USD: Nevada ignored by currency markets
While the world’s attention and concern focused in on Las Vegas following the shootings there, the USD gambolled higher after US factory data released yesterday beat estimates. Yesterday’s manufacturing ISM from the US hit its highest level since May 2004 last month and beat a consensus that was factoring in a sizeable knock to output courtesy of the recent hurricanes. This did not happen and within the report the prices index – a leading indicator of inflation – rose close to record levels.
There is little data to extend the US dollar’s run out today but that does not mean a cessation of USD strength especially given everything that is going on elsewhere in markets although we still have misgivings about how much of the USD move is USD strength and not just weakness elsewhere. Friday’s payrolls data may be able to clear that up for us.
EUR: Political risk continues to depress single currency
Catalan risk is now a very real risk for the euro and EURUSD acted as such yesterday. We are in a bit of a no man’s land legally given the vote over the weekend and what the Catalan parliament now decides to do regarding issues such as tax payments to the central coffers in Madrid and the imposition of Spanish state law.
As we have said before within multiple political events, this will get worse for Spain and the euro before it gets better and although yesterday’s economic data may have shown some strength and resilience investors are seemingly unwilling to add to any euro holdings they may already have.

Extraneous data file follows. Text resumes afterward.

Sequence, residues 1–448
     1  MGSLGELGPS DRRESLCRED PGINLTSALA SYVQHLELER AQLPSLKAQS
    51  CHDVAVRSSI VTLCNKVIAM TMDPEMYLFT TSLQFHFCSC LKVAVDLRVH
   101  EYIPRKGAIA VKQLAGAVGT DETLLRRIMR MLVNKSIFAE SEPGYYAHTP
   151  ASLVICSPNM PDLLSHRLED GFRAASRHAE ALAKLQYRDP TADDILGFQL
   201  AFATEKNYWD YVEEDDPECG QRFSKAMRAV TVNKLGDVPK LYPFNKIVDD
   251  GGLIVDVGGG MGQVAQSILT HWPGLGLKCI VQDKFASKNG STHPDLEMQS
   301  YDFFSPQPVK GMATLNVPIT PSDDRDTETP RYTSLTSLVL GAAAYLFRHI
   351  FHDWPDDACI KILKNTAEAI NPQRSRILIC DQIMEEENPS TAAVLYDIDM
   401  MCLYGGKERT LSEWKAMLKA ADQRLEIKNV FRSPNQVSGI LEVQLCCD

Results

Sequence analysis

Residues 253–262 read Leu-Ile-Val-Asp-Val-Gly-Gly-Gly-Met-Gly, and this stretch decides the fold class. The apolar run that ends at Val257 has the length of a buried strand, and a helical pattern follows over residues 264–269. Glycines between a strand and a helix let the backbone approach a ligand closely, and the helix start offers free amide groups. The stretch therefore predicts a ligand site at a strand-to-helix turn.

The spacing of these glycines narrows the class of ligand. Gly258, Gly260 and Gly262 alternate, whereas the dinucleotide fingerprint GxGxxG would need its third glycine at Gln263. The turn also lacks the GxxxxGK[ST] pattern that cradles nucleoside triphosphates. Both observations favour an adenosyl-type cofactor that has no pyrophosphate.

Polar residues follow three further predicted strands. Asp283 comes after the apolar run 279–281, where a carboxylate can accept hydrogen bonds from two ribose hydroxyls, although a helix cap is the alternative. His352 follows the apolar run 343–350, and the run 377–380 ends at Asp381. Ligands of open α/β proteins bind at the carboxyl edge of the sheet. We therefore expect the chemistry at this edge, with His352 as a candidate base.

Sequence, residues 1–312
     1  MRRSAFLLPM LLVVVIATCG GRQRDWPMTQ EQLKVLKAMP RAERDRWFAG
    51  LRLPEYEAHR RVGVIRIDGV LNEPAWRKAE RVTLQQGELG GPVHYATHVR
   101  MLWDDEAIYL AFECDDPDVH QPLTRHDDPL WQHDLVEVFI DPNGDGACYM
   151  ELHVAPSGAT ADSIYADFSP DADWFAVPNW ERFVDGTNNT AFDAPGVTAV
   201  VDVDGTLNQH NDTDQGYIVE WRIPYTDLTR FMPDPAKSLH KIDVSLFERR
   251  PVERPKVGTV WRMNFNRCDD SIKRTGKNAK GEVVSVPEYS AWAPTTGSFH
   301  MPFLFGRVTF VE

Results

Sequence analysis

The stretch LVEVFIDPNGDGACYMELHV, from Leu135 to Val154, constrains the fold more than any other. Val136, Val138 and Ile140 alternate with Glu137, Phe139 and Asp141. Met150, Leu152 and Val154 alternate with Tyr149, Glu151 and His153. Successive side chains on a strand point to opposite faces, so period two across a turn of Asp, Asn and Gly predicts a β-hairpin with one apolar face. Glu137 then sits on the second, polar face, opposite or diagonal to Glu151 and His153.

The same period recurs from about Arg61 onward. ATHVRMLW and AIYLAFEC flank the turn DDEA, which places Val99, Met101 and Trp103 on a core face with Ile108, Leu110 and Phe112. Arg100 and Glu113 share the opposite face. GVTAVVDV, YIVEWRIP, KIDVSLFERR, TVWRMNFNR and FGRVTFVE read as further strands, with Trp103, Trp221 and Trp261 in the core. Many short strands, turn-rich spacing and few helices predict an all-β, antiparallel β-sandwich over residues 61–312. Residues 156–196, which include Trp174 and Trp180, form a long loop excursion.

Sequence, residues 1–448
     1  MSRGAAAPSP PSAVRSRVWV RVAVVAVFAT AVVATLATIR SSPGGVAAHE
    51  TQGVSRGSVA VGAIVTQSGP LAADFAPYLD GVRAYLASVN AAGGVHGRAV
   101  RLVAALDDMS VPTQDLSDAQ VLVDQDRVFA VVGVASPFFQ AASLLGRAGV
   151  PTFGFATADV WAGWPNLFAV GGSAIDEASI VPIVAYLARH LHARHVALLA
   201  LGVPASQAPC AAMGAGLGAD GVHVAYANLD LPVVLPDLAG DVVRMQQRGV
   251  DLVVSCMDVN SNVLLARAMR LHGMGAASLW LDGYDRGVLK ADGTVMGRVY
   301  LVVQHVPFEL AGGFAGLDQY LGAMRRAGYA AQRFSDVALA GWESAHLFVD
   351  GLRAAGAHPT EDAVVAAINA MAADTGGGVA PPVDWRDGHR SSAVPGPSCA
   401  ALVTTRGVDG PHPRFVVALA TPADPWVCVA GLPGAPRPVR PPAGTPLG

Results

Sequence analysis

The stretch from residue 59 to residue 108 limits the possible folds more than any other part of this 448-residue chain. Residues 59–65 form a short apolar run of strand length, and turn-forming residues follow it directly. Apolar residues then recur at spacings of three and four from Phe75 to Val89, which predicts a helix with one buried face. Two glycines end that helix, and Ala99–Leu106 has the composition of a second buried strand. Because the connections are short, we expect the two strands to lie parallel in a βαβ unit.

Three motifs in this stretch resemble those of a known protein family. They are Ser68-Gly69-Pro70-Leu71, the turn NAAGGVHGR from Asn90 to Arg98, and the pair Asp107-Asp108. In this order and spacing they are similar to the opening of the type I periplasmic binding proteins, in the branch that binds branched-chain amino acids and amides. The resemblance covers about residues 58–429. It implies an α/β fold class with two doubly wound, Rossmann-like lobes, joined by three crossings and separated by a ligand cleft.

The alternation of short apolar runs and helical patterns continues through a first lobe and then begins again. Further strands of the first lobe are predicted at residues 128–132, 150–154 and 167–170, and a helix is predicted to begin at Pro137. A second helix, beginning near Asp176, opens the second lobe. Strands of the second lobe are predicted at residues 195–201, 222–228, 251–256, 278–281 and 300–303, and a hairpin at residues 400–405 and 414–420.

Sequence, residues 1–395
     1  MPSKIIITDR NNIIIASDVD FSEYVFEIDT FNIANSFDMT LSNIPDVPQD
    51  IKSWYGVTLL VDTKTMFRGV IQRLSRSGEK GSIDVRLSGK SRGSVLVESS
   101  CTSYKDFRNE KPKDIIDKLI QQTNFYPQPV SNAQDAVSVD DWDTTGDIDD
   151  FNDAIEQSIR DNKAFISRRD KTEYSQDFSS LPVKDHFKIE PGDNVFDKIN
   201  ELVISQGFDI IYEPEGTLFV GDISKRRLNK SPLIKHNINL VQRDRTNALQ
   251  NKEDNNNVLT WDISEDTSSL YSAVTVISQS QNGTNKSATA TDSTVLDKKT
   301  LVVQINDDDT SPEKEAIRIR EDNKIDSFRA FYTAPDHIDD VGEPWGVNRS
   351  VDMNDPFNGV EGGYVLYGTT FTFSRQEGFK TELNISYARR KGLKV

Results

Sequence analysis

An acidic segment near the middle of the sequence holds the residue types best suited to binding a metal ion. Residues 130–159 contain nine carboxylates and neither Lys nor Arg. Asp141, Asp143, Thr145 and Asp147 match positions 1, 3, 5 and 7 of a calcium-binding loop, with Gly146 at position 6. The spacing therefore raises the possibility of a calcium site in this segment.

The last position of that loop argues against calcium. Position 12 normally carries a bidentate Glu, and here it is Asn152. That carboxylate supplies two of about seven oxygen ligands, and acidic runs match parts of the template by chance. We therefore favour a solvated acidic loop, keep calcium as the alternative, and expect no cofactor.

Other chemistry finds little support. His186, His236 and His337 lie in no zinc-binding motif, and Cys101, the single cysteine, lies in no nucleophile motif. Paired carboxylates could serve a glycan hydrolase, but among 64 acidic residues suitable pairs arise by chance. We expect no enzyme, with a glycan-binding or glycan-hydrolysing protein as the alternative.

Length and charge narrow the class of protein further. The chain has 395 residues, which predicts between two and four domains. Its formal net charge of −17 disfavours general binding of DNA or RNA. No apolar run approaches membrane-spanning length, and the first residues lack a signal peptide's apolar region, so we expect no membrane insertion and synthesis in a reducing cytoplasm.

We expect Prime Minister Rajoy to update us on the situation later in the day.
GBP: PMI slightly weaker but markets take pound lower
Yesterday’s manufacturing reading was by no means the worst that we have seen this year and only slightly below the consensus but was enough to empower investors to sell sterling. As we noted in yesterday’s Weekly Update this week’s run of PMIs may conclude that sentiment in the UK economy is still at good levels but the disconnect between that and reality remains marked and only one can be right. Today’s construction PMI could very easily show a sector in recession but, as is always the case, Wednesday’s services number will dominate.
It is Brexit day at the Conservative party conference in Manchester today. Three of the Brexit Musketeers – Davis, Fox and Johnson – will speak today and therefore we would expect any new hints to come from them although we fear that all will likely be more cheerleaders than thought leaders come the end of the conference session today.
The Day Ahead
The data calendar is a bare cupboard today and politics will fill the void. Events in the US have naturally focused political thoughts on gun control and with a tax plan in the offing some horse trading may be necessary. Similarly we wait on noises from Manchester and Madrid.
Have a great day
Jeremy Cook, Chief Economist